[Dixielandjazz] America - Losing the Jazz Battle?

Steve barbone barbonestreet at earthlink.net
Sun Mar 6 06:36:55 PST 2005

>From another chat list:

Steve Barbone

America's Been Tough On The Jazzman  By Eric Pettine
Not only does he have to master his ax, isolate himself (to an extent) from
mainstream society to create in solitude, engage in often maddening
self-denial, but the jazzman is constantly judged by his creations on the
spot by his listening audience and as well as by his peers. Most doctors and
lawyers don't have to endure that kind of intense scrutiny. Popular
professional sports figures maybe endure that public pickiness for a season
but get paid more in one season than most jazzmen will receive in a
lifetime. Even in his own field, a jazzman must accept the fact that a
rapper has to spew only rhythm and rhyme to make mega-moolah.
Consider The ³Language² Barrier. Although the average jazz listener doesn't
have to theoretically comprehend harmonic extentions/complex chordal
voicings or modal melodies to enjoy jazz music, he/she usually
unconsciously, savors those sounds that are so prevalent throughout the
³language² of jazz. The jazz ³language/sound² even found it's way into the
best of mainstream contemporary music (Beatles, Beach Boys [Brian Wilson],
Burt Bacharach, Steely Dan, et al) last century. However, with today's
modern ³pop² music being so ³dumbed-down² and so devoid of those jazzy
chords/voicings and modalities - in any/most current popular music genres -
society's collective musical ³ears² have either forgotten or never
experienced the ³jazz sound². Record and radio companies who focused/focus
on ³formula as finance² should perhaps bear the greatest amount of guilt for
Consider Our Attention Span. It's difficult for most people to pull
themselves away from that hyperkinetic/hypnotic flick they've just rented,
that pro/college/amateur football game they're rooting for and/or betting
on, the online poker game that's pecking at their last chip or that
Playstation ³T² or ³M² rated game in which they're virtually vicariously
victorious. These folks, it seems, are not willing or much less likely to
check out Nancy Wilson, Cassandra Wilson, Bill Evans, Bill Frisell or the
local jazz cats on a Friday/Saturday night or Sunday afternoon anymore. For
many Americans maybe jazz just isn't wiggy enough.
Consider This ³Idol² Business. Only in America, it seems, would we have a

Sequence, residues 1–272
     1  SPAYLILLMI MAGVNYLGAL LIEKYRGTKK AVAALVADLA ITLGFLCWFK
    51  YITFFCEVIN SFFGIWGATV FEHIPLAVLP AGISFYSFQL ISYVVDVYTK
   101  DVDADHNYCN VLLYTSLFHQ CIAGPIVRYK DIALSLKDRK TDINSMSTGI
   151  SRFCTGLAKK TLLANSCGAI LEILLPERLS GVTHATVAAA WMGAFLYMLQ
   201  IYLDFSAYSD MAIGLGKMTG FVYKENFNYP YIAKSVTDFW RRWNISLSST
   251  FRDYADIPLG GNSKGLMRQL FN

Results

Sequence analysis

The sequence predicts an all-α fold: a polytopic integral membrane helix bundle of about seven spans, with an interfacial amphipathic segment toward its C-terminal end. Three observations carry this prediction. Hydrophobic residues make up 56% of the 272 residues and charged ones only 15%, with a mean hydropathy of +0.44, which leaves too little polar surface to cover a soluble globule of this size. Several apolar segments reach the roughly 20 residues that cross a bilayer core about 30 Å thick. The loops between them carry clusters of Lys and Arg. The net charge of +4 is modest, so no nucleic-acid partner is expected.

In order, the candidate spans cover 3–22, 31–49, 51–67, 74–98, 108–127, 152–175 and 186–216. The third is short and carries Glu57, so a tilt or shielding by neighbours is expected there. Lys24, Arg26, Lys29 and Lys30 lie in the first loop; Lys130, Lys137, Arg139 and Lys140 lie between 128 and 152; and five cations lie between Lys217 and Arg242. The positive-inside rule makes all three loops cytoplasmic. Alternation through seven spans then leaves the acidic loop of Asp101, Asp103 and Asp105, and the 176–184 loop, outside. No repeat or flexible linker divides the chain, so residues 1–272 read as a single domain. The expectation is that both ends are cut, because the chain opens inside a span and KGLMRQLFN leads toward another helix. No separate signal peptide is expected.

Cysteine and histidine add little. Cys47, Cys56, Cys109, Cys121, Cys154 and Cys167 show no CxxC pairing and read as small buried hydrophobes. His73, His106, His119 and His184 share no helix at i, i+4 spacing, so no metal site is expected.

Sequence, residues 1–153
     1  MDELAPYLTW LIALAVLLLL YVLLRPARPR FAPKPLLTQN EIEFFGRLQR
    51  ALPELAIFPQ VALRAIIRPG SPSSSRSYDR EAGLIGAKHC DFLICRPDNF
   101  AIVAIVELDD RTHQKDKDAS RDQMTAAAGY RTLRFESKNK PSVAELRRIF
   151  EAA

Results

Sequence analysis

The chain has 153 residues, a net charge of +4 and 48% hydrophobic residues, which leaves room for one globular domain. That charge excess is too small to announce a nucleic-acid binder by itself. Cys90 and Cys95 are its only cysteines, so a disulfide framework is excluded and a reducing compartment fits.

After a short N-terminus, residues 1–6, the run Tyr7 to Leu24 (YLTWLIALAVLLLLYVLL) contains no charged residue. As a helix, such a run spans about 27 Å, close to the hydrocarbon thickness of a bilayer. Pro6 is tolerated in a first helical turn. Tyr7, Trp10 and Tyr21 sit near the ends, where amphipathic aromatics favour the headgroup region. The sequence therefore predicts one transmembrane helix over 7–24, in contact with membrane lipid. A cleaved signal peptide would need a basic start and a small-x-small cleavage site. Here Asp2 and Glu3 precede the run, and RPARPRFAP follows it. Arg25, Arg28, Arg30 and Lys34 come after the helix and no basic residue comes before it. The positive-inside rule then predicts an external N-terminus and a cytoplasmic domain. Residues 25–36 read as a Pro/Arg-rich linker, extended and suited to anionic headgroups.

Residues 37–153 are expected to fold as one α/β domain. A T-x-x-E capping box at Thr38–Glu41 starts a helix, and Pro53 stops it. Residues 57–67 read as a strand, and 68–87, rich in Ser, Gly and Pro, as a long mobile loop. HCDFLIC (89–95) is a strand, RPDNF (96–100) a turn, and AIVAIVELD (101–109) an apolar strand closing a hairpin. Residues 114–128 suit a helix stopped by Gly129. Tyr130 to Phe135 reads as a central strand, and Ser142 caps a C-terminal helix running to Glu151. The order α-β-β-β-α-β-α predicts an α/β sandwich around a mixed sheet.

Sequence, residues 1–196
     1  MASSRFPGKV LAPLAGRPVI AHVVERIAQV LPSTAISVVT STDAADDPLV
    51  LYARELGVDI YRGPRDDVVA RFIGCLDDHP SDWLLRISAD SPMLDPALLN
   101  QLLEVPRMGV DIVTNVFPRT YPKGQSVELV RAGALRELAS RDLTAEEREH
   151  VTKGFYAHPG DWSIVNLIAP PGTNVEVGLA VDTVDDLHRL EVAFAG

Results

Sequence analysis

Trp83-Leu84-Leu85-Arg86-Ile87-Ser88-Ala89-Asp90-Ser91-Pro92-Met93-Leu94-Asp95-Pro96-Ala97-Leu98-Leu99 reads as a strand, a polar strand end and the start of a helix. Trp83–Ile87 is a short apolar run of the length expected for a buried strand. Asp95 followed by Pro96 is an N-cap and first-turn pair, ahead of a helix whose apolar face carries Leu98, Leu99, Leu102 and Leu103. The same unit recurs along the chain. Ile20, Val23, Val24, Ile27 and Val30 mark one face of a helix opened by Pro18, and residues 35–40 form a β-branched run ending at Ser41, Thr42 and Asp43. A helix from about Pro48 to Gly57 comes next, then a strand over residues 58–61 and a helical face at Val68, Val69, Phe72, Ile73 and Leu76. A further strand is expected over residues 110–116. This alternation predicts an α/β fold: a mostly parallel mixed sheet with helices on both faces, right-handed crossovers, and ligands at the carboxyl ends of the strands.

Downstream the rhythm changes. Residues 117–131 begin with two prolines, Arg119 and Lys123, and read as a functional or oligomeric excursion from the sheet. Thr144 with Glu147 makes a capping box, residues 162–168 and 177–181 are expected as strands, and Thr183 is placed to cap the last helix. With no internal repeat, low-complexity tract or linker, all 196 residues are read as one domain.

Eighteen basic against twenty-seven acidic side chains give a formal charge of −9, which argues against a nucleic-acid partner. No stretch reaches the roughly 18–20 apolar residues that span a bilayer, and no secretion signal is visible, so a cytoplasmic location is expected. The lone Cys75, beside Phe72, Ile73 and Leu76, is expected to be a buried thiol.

hit TV show entitled ³American Idol². Maybe it's asking too much for a
series called American Talent which could showcase the vocally and
instrumentally gifted performing original (jazz or other stylistic)
compositions rather than feature a plethora of karaoke king and queen
wannabes. If idol equals image and image equals icon (in the most pejorative
sense of the word) as it does so prevalently throughout the US, the fate of
the jazzman in this country is in serious trouble. We know that Miles made
various funky fashion statements throughout his career, Dizzy had the
coolest looking chops around, and Coltrane was Cosmic, but, in the end it
was what came from their horns, heads and hearts that will be remembered
miles beyond. 
Consider our Lacking Cultural Pride. It's been said that America's been
great at inventing and reinventing itself and from a technological
standpoint who can argue? We are the models of mass-materialism and the
masters of massiveness. Jazz is an American invention that has stood the
test of time and like other popular American inventions namely baseball,
football and basketball, it should be held in high esteem and perpetually
and popularly celebrated. Maybe not so ironically jazz is and has been
lauded consistently in a very big way in Europe (especially in Scandinavia,
Germany, Austria and France) where the people have always cultivated
culture. Saxophonist Dave Leibman in his article entitled ³Europe - Its Role
In Jazz² says that George Wein (founder of the Newport and JVC Jazz
Festivals) once told him: ³If it weren't for Europe, there would be no
jazz!² America's a tough crowd indeed.
Consider Jazz' Future. It seems jazz is no longer solely America's music.
Mike Zwerin, noted jazz critic and author states that, ³the future of the
music (jazz) is growing out more than up...it is getting everywhere. There
appear to be no more Coltranes on the horizon ... on the other hand you can
now go to just about any city in the developed world and hear a world-class
rhythm section.² It would make sense that, jazz in the truest sense of the
word‹as a creative, improvisational and personal and high art form‹would
flourish overseas rather than in an America seemingly infatuated with a
³fix² rather than a foundation. The European people, by and large, know how
to enjoy jazz and each other's company better than we Americans do. The cafe
is still THE place for great jazz and conversation. However, it's difficult
to imagine jazz cafes springing up in the ubiquitous strip malls across
America, although, there's always the possibility of reinvention.

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